Why I Like Dressing for Other People (and That's OK)
I’ve spent my career as a fashion editor celebrating the idea that all of us should get dressed according to what makes us feel good. Fashion is intertwined with my sense of confidence and with the way I define myself as a person. I’m a tomboy with a penchant for dressing up. Getting dressed can offer an extra dose of confidence or it can frustrate me endlessly. But up until recently, I framed fashion as an entirely personal pastime. But this year I’ve done a lot of thinking about the whys behind my dressing habits and it’s led me to a conclusion that feels both obvious and unexpected at the same time. As it turns out, I don’t just dress for other people sometimes, as I enjoy it.
To provide a bit of context, let me explain that I’m an inherently lazy dresser. I feel a little bit like a phoney admitting this as a fashion editor. It’s my job to care about complicated ways to layer (three shirts at once!) and the latest pair of heels, bag, or colour to wear this season—and I do care. But when I’m left to my own devices, I so easily revert to basics. Sundays are spent almost exclusively in athleisure. If I don’t have any meetings on a Friday, I’m wearing jeans and a T-shirt. If my personal aesthetic is so low-key, does that diminish my expertise in some way? It’s something I’ve feared before, but the realisation I’ve squared with is that an external motivator makes all the difference.
Having a sense of purpose, a reason to try a little harder in the morning (or when I’m packing my gym bag the night before), is what has become the fuel to my sputtering engine. I want to establish an important differential at this point: Dressing up for others doesn’t equate to brown-nosing or people-pleasing.
To me, it’s the idea that I want to embody a version of myself that fits the occasion. My schedule demands that I spend much of the week meeting with fashion counterparts, and more than wanting to wear the right designer or pull off a trend, I find excitement in the challenge of raising my personal style above my cruise control. It’s similarly not always about buying something new, but it’s about finding ways to express my sense of style as I haven’t previously.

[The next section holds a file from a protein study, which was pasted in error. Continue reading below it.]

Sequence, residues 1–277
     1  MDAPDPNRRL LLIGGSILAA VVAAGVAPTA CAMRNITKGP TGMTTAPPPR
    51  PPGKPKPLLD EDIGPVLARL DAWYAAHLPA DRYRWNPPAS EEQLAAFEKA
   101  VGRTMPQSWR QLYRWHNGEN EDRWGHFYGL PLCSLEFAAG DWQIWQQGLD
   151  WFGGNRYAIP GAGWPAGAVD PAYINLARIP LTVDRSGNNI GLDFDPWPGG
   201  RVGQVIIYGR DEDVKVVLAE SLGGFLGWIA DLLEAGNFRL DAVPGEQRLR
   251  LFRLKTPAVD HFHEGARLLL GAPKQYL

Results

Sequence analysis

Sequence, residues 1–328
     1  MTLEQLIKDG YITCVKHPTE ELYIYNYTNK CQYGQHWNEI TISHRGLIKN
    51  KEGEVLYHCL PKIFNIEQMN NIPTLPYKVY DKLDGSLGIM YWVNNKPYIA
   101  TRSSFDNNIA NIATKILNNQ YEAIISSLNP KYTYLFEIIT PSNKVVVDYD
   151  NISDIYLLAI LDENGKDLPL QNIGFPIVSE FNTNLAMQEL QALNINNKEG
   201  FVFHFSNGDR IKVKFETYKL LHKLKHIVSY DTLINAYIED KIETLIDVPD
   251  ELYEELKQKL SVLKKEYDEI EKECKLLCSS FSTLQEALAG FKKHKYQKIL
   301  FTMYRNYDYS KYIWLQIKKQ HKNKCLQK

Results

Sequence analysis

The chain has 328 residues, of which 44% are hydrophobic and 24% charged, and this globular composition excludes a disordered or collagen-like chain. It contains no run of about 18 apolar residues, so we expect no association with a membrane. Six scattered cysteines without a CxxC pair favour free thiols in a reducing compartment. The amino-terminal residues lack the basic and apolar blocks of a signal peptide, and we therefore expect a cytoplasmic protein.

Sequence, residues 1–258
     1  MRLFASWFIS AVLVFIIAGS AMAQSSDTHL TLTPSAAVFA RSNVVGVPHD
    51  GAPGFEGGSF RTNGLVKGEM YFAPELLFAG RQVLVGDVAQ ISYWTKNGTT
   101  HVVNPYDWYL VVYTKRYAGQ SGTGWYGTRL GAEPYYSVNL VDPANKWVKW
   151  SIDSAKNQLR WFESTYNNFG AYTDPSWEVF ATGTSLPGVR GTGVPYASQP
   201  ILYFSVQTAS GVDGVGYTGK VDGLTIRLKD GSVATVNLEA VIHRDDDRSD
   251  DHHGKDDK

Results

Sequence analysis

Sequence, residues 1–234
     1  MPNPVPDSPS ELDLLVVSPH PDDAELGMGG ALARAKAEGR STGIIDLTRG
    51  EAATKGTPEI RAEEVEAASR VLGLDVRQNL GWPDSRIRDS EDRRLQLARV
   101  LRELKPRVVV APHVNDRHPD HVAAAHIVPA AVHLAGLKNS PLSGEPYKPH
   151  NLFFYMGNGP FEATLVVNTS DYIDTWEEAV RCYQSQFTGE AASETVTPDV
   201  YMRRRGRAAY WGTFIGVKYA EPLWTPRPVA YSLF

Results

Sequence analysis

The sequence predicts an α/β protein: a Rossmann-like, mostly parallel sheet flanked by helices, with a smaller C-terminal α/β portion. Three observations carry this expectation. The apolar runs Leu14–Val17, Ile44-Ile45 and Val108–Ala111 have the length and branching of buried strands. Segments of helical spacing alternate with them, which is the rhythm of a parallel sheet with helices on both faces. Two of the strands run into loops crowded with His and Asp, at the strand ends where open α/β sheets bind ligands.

On some occasion, that means going all out—I love the feeling of zipping up a form-fitting black-tie dress, sliding into heels, and swiping on a red lip. It’s so far away from the Aemilia who pulls on leggings and sneakers. But I believe that just because it’s a dichotomy, meaning that there are different versions of who I am and what I wear, that doesn’t mean that both aren’t buried deep down inside of me somewhere
In the same way that most people I know (myself included) aren’t the same person meeting their S.O.’s parents as they are out with their friends on a Friday night, so too I see a multifaceted way of dressing as par for the course.
While gathering my own thoughts for this piece, a friend of mine and Man Repeller’s Deputy Editor Haley Nahman penned a piece on a similar idea titled I Dress Differently on the Weekends, So Which Is the “Real Me?” in which she too grapples with the idea of why we dress the way we do.
Here I am wearing a Johanna Ortiz dress I borrowed for last year’s CFDA awards. I’m not usually one to wear pink, sequins, or super-fancy dresses, so this was a big swap for me.
Wearing: Johanna Ortiz dress; Dear Frances mules
“I’m still parsing whether that makes fashion a powerful tool, an inevitable reality, or a bit of a trap, for me personally. Maybe it’s all three,” she writes.
I too can feel the impending weight of owning a personal style. Inevitably, what we wear, casual or fancy, is a window that opens us up to the judgement of others (and yeah, ourselves too). But the beauty of personal style is that it’s an evolution of expression. I find respite in the days when I don’t have to actually think much about what I’m putting on because it affords me a certain excitement when the time comes to be a little bit more creative. I always dress for myself, but I can finally admit that yeah, I dress for other people too.